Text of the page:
nep-for New Economics Papers
on Forecasting
Issue of 2011‒07‒13
ten papers chosen by
Rob J Hyndman
Monash University

  1. The Role of Asset Prices in Forecasting Inflation and Output in South Africa By Rangan Gupta; Faaiqa Hartley
  2. Beating the Random Walk in Central and Eastern Europe by Survey Forecasts By Anna Naszódi
  3. Ranking Multivariate GARCH Models by Problem Dimension: An Empirical Evaluation By Caporin, M.; McAleer, M.J.
  4. Testing the asset pricing model of exchange rates with survey data By Anna Naszódi
  5. Growth and Change in the Vietnamese Labour Market: A decomposition of forecast trends in employment over 2010-2020 By J. A. Giesecke; N. H. Tran; G.A. Meagher; F. Pang
  6. Forecasting Value-at-Risk Using Nonlinear Regression Quantiles and the Intraday Range By Chen, C.W.S.; Gerlach, R.; Hwang, B.B.K.; McAleer, M.J.
  7. Error Reduction strategies for the 1998-2005 USAGE Forecast By Peter Mavromatis; Marnie Griffith
  8. Neural Networks, Ordered Probit Models and Multiple Discriminants. Evaluating Risk Rating Forecasts of Local Governments in Mexico. By Alfonso Mendoza-Velázquez; Pilar Gómez-Gil
  9. Partial Least Square Discriminant Analysis (PLS-DA) for bankruptcy prediction By Carlos Serrano-Cinca; Begoña Gutiérrez-Nieto
  10. Destined for (Un)Happiness: Does Childhood Predict Adult Life Satisfaction? By Frijters, Paul; Johnston, David W.; Shields, Michael A.

  1. By: Rangan Gupta (Department of Economics, University of Pretoria); Faaiqa Hartley (Department of Economics, University of Pretoria)
    Abstract: This paper assesses the predictive ability of asset prices relative to other variables in forecasting inflation and real GDP growth in South Africa. A total of 42 asset and non-asset predictor variables are considered. Forecasts of inflation and real GDP growth are computed using both individual predictor autoregressive distributed lag (ARDL) models, forecast combination approaches, as well as, large scale models. The large scale data models considered include Bayesian vector autoregressive models, and classical and Bayesian univariate and multivariate factor augmented vector autoregressive models. The models are estimated for an in-sample of 1980:Q2 to 1999:Q4, and then one- to eight step-ahead forecasts for inflation and real GDP growth are evaluated over the 2000:Q1 to 2010:Q2 out-of-sample period. Principle Component forecast combination models are found to produce the most accurate out-of-sample forecasts of inflation and real GDP growth relative to the other combination and more sophisticated models considered. Asset prices are found to contain particularly useful information for forecasting inflation and real GDP growth at certain horizons. Asset prices are however found to be stronger predictors of inflation, particularly in the long run.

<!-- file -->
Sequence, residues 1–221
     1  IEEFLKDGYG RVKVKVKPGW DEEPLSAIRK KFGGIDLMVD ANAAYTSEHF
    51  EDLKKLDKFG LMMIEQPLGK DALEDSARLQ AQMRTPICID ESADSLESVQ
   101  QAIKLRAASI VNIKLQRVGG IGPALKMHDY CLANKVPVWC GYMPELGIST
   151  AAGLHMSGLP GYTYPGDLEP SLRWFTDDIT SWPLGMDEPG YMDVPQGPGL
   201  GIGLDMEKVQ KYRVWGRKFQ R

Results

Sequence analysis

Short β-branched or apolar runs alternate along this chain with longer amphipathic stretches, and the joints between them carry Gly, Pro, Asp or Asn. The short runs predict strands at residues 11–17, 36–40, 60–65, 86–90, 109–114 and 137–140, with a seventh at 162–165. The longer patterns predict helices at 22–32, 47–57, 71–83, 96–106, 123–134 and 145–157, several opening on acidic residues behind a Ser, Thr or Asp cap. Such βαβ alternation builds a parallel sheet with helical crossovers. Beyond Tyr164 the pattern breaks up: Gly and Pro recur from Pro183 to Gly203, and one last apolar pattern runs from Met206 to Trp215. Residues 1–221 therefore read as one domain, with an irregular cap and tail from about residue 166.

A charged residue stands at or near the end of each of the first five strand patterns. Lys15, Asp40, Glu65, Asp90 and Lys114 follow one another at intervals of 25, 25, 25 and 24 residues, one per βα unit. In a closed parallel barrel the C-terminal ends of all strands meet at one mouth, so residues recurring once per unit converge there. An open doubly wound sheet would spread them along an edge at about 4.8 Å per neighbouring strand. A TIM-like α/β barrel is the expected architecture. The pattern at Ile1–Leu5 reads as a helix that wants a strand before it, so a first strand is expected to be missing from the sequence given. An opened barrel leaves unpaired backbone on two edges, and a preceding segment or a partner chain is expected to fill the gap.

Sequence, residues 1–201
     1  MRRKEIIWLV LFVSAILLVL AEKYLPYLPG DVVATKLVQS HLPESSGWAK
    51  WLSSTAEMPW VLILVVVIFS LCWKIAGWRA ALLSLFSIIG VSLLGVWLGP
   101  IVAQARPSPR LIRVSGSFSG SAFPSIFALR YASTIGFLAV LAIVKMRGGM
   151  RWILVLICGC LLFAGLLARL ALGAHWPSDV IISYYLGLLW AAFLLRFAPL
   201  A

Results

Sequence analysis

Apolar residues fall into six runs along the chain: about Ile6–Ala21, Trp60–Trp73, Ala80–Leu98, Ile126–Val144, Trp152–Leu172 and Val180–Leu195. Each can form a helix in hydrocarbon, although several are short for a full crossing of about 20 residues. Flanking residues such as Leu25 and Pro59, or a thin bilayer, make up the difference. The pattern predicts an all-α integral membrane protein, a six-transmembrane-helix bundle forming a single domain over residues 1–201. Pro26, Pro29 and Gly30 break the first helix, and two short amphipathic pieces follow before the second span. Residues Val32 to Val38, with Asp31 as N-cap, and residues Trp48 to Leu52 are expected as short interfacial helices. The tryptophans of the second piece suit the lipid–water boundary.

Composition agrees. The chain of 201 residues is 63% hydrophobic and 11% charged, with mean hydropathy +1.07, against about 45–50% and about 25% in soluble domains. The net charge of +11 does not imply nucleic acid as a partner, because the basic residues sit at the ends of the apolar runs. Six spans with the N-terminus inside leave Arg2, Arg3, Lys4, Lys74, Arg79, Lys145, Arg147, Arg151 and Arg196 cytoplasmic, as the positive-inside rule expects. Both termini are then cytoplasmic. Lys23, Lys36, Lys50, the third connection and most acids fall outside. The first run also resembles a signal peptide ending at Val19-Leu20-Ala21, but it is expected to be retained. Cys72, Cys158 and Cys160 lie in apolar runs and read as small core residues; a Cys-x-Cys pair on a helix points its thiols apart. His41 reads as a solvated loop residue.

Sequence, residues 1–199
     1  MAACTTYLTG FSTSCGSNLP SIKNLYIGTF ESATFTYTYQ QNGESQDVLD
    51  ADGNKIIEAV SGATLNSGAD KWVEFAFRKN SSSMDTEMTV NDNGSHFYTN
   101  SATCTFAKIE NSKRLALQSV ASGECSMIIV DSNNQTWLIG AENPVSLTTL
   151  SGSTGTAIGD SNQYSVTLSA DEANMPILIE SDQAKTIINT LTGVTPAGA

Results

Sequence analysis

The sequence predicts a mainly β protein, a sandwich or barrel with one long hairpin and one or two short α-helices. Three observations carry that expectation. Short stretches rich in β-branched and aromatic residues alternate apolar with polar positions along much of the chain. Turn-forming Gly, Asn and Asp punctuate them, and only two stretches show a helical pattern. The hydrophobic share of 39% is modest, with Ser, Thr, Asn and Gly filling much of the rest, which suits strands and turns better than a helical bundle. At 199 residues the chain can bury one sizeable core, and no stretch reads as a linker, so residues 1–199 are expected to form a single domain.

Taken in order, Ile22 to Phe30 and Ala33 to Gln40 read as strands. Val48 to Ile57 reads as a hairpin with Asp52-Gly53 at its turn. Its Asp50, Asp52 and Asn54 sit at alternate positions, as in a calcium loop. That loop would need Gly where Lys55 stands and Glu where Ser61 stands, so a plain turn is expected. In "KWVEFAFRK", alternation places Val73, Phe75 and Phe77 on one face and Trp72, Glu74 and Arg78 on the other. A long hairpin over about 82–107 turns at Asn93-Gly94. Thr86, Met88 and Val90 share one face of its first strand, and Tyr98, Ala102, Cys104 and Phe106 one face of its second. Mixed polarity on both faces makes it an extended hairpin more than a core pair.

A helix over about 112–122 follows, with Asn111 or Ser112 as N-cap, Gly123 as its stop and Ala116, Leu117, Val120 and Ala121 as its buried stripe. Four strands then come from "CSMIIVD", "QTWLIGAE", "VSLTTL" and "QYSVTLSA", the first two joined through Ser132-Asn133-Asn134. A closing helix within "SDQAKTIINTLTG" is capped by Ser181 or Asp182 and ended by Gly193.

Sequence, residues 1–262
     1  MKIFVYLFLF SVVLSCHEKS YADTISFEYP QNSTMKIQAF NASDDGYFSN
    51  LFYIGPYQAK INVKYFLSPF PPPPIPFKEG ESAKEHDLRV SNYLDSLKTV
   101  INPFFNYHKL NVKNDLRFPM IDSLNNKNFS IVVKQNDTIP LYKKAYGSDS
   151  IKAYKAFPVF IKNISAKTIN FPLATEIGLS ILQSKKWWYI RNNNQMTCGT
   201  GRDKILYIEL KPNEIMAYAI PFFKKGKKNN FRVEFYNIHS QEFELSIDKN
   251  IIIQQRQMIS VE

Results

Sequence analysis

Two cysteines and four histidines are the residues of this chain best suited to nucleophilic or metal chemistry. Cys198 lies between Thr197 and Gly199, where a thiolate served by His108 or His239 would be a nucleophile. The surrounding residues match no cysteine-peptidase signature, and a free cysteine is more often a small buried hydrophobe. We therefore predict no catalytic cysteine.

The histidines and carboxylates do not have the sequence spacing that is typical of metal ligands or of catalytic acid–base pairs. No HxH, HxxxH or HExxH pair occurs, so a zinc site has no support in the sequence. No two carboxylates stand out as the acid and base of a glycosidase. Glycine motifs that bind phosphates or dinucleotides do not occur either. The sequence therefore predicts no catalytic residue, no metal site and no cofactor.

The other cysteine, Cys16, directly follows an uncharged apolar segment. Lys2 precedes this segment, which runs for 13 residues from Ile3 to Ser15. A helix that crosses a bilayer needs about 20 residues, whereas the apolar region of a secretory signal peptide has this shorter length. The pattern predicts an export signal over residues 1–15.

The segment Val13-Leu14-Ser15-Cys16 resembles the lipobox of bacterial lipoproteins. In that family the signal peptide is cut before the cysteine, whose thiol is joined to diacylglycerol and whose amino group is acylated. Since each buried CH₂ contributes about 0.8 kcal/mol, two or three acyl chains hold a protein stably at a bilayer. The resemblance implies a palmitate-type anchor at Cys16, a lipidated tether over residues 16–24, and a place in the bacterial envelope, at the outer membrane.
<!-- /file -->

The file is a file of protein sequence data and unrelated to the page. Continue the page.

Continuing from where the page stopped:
Keywords: Asset Prices, Combination Forecasts, BVAR, FAVAR
    JEL: C32 R31
    Date: 2011–07
  2. By: Anna Naszódi (Magyar Nemzeti Bank (central bank of Hungary))
    Abstract: This paper investigates the forecasting ability of survey data on exchange rate expectations with multiple forecast horizons. The survey forecasts are on the exchange rates of five Central and Eastern European currencies: Czech Koruna, Hungarian Forint, Polish Zloty, Romanian Leu and Slovakian Koruna. First, different term-structure models are fitted on the survey forecasts. Then, the forecasting performances of the fitted forecasts are compared. The fitted forecasts for the 5 months horizon and beyond are proved to be significantly better than the random walk on the pooled data of the five currencies. The best performing term-structure model is the one that assumes an exponential relationship between the forecast and the forecast horizon, and has time-varying parameters.
    Keywords: evaluating forecasts, exchange rate, survey forecast, time-varying parameter, term-structure of forecasts
    JEL: F31 F36 G13
    Date: 2011
  3. By: Caporin, M.; McAleer, M.J.
    Abstract: In the last 15 years, several Multivariate GARCH (MGARCH) models have appeared in the literature. Recent research has begun to examine MGARCH specifications in terms of their out-of-sample forecasting performance. In this paper, we provide an empirical comparison of a set of models, namely BEKK, DCC, Corrected DCC (cDCC) of Aeilli (2008), CCC, Exponentially Weighted Moving Average, and covariance shrinking, using historical data of 89 US equities. Our methods follow part of the approach described in Patton and Sheppard (2009), and the paper contributes to the literature in several directions. First, we consider a wide range of models, including the recent cDCC model and covariance shrinking. Second, we use a range of tests and approaches for direct and indirect model comparison, including the Weighted Likelihood Ratio test of Amisano and Giacomini (2007). Third, we examine how the model rankings are influenced by the cross-sectional dimension of the problem.
    Keywords: covariance forecasting;model confidence set;model ranking;MGARCH;model comparison
    Date: 2011–05–31
  4. By: Anna Naszódi (Magyar Nemzeti Bank (central bank of Hungary))
    Abstract: This paper proposes a new test for the asset pricing model of the exchange rate. It examines whether the way market analysts generate their forecasts is closer to the one implied by the asset pricing model, or to any of those implied by some alternative models. The asset pricing model is supported by the test since it has significantly better out-of-sample fit on survey data than simpler models including the random walk. The traditional test based on forecasting ability is applied as well. The asset pricing model proves to have better forecast accuracy in case of some exchange rates and forecast horizons than the random walk.